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Martyn Bates: Your Jewled Footsteps *

Track List

>Cut Like Sunset
>Shorepoem
>I Can't Look for You
>First and Last February
>God on the Tree, The
>Morning Singing
>Of That So Sweet Imprisonment
>Mirrored in Me
>Twilight Turns from Amethyst...
>Once Loved
>Dissonance Excerpt
>Later War Cries
>Pomes Penyeach (Alone)
>Garden of Olives, The
>No-One Spoke
>Overflowing Look
>Cherry Tree Carol
>Once Blessed
>Cruel Mother, The
>Leitmotif #1

Album Notes

Photographer: Dominique Goblet.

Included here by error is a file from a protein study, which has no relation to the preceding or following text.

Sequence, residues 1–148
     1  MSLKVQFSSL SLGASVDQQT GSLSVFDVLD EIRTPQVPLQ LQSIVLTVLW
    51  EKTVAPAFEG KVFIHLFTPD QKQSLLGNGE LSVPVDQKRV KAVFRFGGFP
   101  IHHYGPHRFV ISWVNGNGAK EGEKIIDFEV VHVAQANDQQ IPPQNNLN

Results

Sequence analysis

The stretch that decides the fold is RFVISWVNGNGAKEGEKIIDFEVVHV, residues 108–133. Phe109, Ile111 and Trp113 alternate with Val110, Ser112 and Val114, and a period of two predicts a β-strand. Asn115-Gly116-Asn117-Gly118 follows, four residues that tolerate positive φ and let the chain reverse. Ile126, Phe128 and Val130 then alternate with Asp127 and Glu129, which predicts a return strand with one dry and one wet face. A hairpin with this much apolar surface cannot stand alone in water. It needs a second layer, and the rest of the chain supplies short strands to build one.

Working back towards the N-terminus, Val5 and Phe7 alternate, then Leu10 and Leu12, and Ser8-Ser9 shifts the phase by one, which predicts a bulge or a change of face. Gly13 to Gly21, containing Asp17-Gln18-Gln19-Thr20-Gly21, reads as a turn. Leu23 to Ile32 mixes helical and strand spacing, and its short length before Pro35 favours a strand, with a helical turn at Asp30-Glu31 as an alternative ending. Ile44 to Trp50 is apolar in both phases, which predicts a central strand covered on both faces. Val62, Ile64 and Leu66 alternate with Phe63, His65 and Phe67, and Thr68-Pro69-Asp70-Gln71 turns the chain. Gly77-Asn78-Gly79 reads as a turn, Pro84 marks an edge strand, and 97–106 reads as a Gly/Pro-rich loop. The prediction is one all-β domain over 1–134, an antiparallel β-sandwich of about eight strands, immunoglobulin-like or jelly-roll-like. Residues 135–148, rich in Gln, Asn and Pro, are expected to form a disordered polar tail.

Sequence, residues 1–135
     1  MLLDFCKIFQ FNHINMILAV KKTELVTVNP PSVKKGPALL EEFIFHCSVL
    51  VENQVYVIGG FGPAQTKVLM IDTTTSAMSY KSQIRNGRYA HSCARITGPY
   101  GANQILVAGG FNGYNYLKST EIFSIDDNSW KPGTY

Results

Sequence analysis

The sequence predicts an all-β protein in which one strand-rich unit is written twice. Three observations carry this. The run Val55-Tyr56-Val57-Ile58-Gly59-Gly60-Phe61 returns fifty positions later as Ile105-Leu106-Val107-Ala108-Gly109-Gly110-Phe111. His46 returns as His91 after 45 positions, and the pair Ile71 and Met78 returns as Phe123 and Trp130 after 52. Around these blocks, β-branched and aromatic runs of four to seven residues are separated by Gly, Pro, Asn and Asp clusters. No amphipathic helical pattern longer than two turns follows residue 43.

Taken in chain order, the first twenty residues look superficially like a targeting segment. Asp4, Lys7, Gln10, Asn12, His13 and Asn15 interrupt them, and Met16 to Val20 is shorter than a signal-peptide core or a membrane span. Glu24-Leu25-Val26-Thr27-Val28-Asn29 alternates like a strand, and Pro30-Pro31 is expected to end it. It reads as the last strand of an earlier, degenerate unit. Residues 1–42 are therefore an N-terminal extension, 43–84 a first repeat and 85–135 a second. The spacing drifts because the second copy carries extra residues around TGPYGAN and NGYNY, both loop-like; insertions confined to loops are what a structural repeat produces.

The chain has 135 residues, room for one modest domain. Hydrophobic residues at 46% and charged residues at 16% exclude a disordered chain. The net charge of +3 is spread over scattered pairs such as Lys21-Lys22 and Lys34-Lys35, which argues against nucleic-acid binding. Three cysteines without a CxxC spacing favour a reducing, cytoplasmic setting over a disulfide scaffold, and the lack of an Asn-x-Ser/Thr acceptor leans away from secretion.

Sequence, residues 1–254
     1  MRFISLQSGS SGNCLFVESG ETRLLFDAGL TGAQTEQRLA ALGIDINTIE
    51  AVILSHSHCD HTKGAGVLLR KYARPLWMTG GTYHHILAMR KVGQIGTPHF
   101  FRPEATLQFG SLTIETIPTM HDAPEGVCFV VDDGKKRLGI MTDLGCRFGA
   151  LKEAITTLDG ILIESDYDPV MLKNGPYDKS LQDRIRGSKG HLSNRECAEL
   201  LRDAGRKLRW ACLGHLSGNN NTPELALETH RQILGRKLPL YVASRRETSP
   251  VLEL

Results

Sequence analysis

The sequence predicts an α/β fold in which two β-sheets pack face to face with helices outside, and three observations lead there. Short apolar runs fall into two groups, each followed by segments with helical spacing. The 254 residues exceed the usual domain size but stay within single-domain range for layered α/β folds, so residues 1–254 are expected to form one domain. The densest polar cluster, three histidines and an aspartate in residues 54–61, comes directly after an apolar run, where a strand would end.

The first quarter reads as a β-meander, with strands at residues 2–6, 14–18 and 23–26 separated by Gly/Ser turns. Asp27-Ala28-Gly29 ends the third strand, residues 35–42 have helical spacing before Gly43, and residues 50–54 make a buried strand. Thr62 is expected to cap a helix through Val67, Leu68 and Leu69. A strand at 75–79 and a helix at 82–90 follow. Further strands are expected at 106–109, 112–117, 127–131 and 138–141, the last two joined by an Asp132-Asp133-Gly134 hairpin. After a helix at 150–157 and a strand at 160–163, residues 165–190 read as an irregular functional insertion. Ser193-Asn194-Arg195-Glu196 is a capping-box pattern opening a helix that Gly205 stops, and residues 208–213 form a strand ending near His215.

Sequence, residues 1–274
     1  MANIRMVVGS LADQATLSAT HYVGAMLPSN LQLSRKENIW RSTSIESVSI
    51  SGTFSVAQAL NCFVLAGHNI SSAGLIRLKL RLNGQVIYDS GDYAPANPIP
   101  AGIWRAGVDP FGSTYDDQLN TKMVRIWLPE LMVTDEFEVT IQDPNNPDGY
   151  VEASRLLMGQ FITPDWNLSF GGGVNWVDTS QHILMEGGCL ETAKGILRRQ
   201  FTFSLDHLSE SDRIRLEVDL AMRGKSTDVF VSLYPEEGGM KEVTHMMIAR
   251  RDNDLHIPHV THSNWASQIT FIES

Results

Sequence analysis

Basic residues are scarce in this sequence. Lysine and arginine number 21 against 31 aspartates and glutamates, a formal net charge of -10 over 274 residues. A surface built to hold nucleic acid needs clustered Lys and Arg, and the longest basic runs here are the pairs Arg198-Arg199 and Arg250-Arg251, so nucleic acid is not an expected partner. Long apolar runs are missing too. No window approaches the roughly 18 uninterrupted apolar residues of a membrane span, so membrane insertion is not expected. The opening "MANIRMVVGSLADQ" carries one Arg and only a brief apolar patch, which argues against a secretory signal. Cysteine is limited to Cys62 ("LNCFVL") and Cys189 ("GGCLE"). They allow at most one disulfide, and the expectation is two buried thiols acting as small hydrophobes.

Conceived and released as a complement to Eyeless in Gaza's Plague of Years compilation, Your Jewled Footsteps focuses on Martyn Bates' solo and other collaborative work over the years, providing a handy one-disc overview of an extensive discography. Like his more well-known duo work, Bates has released material on a slew of different labels over time, making this collection a good if inevitably limited take on a vast, underrated musical archive. Bates' tender but tense singing has the same gentle impact here as with Eyeless in Gaza, but the settings range from the comparatively familiar -- much of the straight-up solo work is not far removed from Eyeless in general -- to the contextually adventurous and surprising. Songs like the brief "The God on the Tree" and the chaotic 1979-era snippet from "Dissonance" help to emphasize his instrumental gifts, while various duets, most especially the mesmerizing dark ambience of "The Cruel Mother," done with Scorn/Lull main man Mick Harris, ghostly vocals floating over huge depths of sound, showcase other areas of work. The sequencing is part of the joy of the compilation -- sticking to no chronological setting, it flows readily across years and styles, showing how well Bates' voice has held up over time. Hearing the shifts from the (generally) more electronic earlier years to the acoustic-based, hushed folk turns of more recent times in this fashion establishes not only surprising continuities but creates a lush atmosphere that demonstrates his creative impulses to good effect. No otherwise unavailable or unreleased songs are featured on Your Jewled Footsteps, so hardcore fans can make their own equivalents as they wish, but for others this is a welcome look into a defiantly creative cycle of work. ~ Ned Raggett



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